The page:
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Title: Sensitivity of Compressive Strength of HSC to Hot-dry Climate, Curing Regimes, and Additives

Author(s): Saleh H. Alsyed

Publication: Materials Journal

Volume: 94

Issue: 6

Appears on pages(s): 472-477

Keywords: compressive strength; concretes; cubes; curing; cylinders; plasticizers; plastics, polymers, and resins; retardants; silica fume; specimens; superplasticizers; tests;

Date: 11/1/1997

Abstract:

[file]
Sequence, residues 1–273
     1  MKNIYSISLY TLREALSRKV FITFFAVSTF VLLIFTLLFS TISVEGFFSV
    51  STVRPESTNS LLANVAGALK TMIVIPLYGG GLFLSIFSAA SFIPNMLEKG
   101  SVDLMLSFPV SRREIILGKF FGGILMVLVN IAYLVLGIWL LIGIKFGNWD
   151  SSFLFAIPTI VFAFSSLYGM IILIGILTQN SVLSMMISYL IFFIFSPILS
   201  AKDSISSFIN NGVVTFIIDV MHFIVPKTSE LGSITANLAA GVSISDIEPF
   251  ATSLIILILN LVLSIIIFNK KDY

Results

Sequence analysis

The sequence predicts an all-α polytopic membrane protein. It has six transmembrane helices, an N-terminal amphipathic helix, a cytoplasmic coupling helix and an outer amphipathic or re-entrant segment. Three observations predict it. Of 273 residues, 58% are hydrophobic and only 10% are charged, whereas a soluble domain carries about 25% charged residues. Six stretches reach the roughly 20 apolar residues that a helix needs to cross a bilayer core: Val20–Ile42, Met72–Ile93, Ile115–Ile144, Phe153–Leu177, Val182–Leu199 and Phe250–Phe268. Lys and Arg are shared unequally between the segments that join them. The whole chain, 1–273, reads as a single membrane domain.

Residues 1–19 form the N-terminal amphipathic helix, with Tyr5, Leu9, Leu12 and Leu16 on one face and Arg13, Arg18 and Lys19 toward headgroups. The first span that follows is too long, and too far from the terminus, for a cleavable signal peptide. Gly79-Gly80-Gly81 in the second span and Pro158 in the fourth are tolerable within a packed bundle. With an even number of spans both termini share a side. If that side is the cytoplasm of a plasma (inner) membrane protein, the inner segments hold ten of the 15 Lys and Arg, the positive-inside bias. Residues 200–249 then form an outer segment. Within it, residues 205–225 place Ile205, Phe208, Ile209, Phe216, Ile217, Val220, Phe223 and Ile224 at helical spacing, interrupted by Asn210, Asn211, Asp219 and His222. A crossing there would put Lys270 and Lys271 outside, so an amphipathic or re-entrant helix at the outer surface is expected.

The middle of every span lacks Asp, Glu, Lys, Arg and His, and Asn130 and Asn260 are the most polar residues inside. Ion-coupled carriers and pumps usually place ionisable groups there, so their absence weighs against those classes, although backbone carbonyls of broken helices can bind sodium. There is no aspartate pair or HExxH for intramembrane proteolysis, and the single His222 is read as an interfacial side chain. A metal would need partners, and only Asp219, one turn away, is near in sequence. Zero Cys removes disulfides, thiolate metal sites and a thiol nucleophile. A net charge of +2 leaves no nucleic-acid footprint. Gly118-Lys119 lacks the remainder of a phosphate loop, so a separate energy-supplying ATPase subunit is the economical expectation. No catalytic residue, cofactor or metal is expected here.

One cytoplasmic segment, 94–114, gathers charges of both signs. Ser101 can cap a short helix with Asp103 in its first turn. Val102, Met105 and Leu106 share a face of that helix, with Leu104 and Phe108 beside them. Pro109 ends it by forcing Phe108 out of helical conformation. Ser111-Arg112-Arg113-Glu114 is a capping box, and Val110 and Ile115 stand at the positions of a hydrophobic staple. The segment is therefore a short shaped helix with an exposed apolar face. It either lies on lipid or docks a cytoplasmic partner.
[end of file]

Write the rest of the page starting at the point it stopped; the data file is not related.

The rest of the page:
Seventy 152 mm (6 in.) concrete cubes and fifteen 152 ¥305 mm (6 ¥ 12 in.) cylinders of high-strength concrete were cast and tested. The influence of different curing methods on reducing the deleterious impact of adverse climatic conditions on the compressive strength was evaluated. Other variables considered in the study were the shape of the specimens, addition of silica fume, type of curing compound, curing period, and replacement of superplasticizer by retardant and plasticizer. It was found that, for concrete tested 28 days after casting, treatment with resin compound applied to the exposed surface of the specimen provided better protection to concrete than intermittent spraying of water. However, intermittent spraying of water with and without burlap covering also provided an acceptable means of protecting concrete against adverse climatic conditions. It was also found that adding 10 percent of silica fume to the concrete mix may increase the compressive strength of the concrete by 25 percent without influencing its sensitivity to hot weather effects. On the other hand, replacing superplasticizer by an equivalent quantity of retardant and plasticizer (based on equal concrete slump) reduced the compressive strength by about 10 percent but the concrete became less sensitive to adverse climatic conditions. Furthermore, for concrete tested 90 days after casting, it became visible that concrete cured by intermittent spraying of water with burlap covering had a higher compressive strength than that cured by water spraying with no burlap covering.*




  

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